Reducing Emissions from Deforestation and forest Degradation (REDD) is a UN program that uses market incentives to reduce the release of greenhouse gases from rainforest destruction. Companies work with international conservation groups and tropical countries to create investment funds to conserve large tracts of land. REDD has become recently popular as companies, nations and intergovernmental organizations seek to reduce or offset their own emissions. For example, Merrill Lynch ($432 million), Norway (more than $2.5 billion), and the World Bank ($165 billion) have created programs in Indonesia to save large expanses of rainforest. REDD programs are not limited to Indonesia; programs are being created throughout the tropics.
REDD is an important conservation and economic strategy. A recent study performed in Indonesia by Australian scientists found that REDD programs, if priced properly, make tropical rainforests more profitable standing than cut down. Carbon credits, which represent the cost of carbon stored in the environment, must be priced at or above half the expected profits to be had from cutting down the forest and converting into a plantation.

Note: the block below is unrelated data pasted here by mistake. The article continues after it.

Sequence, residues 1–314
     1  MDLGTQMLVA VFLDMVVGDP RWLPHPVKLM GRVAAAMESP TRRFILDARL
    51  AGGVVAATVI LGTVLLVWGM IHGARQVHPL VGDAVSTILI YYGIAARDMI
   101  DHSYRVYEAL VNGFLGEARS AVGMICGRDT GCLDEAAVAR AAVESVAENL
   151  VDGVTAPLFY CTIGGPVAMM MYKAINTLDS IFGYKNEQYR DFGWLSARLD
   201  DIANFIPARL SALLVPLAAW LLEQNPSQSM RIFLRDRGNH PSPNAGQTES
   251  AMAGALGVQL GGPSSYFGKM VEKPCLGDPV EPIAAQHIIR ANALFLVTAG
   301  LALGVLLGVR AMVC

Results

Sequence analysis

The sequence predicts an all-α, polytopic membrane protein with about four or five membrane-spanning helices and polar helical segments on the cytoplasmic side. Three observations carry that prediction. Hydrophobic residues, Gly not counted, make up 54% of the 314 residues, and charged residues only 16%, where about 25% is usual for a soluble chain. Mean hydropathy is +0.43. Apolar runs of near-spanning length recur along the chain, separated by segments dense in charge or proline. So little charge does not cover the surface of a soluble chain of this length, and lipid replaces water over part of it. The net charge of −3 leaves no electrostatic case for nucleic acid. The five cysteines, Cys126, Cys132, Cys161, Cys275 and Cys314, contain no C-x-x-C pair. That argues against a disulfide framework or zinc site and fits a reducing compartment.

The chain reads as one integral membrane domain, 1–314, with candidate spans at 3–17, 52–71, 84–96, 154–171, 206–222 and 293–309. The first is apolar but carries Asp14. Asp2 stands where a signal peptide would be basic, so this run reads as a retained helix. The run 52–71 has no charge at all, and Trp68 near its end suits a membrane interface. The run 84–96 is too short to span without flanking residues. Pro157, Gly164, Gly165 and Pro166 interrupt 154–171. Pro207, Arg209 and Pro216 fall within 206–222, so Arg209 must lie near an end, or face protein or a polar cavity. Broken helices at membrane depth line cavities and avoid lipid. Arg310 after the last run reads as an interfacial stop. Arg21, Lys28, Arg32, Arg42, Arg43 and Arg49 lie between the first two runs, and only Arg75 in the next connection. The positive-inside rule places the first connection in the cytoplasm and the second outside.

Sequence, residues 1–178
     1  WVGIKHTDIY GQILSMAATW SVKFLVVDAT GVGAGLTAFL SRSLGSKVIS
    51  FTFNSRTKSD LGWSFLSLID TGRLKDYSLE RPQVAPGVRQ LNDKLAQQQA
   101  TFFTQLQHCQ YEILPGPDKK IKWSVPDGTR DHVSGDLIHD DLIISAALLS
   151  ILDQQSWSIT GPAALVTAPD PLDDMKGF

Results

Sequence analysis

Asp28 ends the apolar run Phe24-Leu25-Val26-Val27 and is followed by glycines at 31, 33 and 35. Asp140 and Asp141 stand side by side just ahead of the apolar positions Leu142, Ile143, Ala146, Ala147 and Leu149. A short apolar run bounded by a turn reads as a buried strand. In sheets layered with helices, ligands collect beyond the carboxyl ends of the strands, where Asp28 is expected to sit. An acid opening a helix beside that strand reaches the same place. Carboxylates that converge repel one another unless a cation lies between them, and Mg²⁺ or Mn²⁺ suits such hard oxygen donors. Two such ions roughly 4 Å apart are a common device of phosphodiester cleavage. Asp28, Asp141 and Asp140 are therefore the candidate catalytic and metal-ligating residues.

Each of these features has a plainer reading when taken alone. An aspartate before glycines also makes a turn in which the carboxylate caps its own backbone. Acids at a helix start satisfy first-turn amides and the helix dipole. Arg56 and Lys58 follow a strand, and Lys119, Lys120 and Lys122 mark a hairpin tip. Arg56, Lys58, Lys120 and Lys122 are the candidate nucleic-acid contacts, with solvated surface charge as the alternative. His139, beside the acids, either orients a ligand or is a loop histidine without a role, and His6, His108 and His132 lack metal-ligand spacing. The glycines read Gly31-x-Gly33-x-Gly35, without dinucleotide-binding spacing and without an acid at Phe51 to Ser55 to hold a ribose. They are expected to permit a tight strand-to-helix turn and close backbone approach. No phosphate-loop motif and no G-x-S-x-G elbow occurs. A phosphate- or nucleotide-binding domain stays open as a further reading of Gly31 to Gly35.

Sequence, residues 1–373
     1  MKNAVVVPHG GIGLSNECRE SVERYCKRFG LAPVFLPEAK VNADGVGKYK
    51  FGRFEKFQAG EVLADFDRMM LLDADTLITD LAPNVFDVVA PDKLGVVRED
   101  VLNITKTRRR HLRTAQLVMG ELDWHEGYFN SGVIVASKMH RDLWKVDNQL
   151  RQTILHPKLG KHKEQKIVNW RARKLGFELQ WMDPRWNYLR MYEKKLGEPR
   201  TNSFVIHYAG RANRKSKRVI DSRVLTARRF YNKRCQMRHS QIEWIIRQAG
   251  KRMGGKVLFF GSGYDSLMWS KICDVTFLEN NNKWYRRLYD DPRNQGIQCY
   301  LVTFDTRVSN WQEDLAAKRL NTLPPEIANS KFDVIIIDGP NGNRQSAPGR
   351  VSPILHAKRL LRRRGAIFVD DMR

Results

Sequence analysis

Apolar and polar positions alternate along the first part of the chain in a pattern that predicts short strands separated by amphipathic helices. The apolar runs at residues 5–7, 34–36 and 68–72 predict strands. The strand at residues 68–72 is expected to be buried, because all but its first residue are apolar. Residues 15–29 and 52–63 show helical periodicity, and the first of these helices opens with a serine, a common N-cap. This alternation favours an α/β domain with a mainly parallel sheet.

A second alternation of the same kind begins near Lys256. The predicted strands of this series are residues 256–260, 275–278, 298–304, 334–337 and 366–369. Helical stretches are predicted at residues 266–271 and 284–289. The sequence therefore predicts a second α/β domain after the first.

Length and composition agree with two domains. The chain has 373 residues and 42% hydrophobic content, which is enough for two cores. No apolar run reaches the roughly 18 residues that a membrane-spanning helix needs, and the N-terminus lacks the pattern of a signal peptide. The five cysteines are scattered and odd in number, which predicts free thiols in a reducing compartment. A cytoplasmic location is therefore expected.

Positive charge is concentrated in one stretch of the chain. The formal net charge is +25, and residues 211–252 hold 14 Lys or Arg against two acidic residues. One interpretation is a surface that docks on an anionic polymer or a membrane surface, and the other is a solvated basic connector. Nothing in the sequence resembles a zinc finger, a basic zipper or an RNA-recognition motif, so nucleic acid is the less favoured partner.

The ramifications of this study are immense. REDD will become (and this may have started already) particularly attractive to both those looking to balance their emissions and those looking for economic growth.
The study, however, did not include an important factor in their calculations: ecosystem services. Ecosystem services are the benefits that people derive from environmental processes such as pollination of crops, production of oxygen and the detoxification of water. These services are essential. As such, they are can be considered as environmental infrastructure. Without environmental services, the world would be in terrible trouble.
Ecosystem services make REDD programs vital. REDD programs prevent the destruction of rainforests and the important services they provide. Not only can they reduce emissions and create economic growth, but also they are an important investment in environmental infrastructure.